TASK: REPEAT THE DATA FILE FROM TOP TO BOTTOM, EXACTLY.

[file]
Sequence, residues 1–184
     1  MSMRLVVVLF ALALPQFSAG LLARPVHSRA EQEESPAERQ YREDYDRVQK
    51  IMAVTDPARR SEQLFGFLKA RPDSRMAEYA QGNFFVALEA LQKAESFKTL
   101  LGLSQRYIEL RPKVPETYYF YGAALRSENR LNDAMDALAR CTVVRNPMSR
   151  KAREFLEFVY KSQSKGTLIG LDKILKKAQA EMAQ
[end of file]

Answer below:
Sequence, residues 1–184
     1  MSMRLVVVLF ALALPQFSAG LLARPVHSRA EQEESPAERQ YREDYDRVQK
    51  IMAVTDPARR SEQLFGFLKA RPDSRMAEYA QGNFFVALEA LQKAESFKTL
   101  LGLSQRYIEL RPKVPETYYF YGAALRSENR LNDAMDALAR CTVVRNPMSR
   151  KAREFLEFVY KSQSKGTLIG LDKILKKAQA EMAQ